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by Latasha Jones | January 3, 2019 New York Teacher issue
Cathryn Berger Kaye, a former classroom teacher and an author, suggests that students do better in school when learning engages both their minds and hearts. This dual approach is known as service learning — a teaching method that develops students’ skills and knowledge as they apply classroom lessons to meet real community needs.
As a middle school special education teacher, I have used service learning projects to give my students the opportunity to address real-life issues through project management, decision-making and teamwork.
My students, who live in the South Bronx, witness the issues of hunger and food insecurity in their communities. Our class formed a partnership with Lead2Feed, a student leadership and community service organization for middle and high school students, to organize a canned food drive and volunteer in local soup kitchens and food pantries.
Lead2Feed provides free multi-week lessons aligned to New York State learning standards. Lessons include learning objectives, activities and online resources. Lead2Feed’s lessons helped my students work with each other to set goals and identify a local charity that could help them address a problem.
By collecting and donating canned goods to local soup kitchens and food pantries, my students saw the ways in which hunger has an effect on their neighbors. Seeing how their work had an impact gave them a sense of their own value and self-worth, which is sometimes lacking in special education students. The project demonstrated they could be leaders and give back to their communities.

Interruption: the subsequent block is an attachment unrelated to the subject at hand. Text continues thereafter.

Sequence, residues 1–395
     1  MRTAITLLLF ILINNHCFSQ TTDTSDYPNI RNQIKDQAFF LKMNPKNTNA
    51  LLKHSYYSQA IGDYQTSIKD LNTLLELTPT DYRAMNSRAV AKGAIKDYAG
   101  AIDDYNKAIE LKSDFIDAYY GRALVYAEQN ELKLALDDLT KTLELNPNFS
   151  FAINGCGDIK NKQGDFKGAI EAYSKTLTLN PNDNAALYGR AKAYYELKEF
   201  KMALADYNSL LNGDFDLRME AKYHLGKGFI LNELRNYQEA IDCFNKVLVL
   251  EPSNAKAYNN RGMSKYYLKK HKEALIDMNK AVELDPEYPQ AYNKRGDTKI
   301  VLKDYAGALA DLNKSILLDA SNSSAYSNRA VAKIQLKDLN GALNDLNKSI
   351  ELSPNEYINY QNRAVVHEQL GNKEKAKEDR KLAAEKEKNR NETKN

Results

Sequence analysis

Because they were invested in solving a real-life problem, their reading and writing skills improved as they worked to express themselves through their reflections about their experiences. Most important, they began to have more compassion for the people and the world around them.
The first step to launching a service learning project is to find out what real-life issues your students are interested in. You can have your students read and discuss short articles about three to four topics that affect them that can be addressed through a service project.
Next, students can research nonprofit organizations on a local, state or national level that work on the cause they have selected. Forming a partnership with a nonprofit organization will allow students to build a relationship that amplifies the reach of their initiative.
The students need to work on an “elevator pitch” to send to these organizations that clearly outlines why they want to form a partnership with the organization. Students can rehearse their pitches with an adult leader in the school to build their confidence before they interact with their chosen nonprofit.
A partnership with a nonprofit organization helps students realize the importance of working together. It also opens the door for future volunteer or career opportunities.
I have seen my students grow academically, behaviorally and socially as a result of service learning projects. Service learning has engaged my students and helped them become more invested in their community and its needs.
Dr. Latasha Jones is a special education teacher at PS 186 in the South Bronx and a member of the Lead2Feed Educator Advisory Board.
What is your favorite movie about a teacher?
Dead Poets Society
Stand and Deliver
Mr. Holland's Opus
Total votes: 284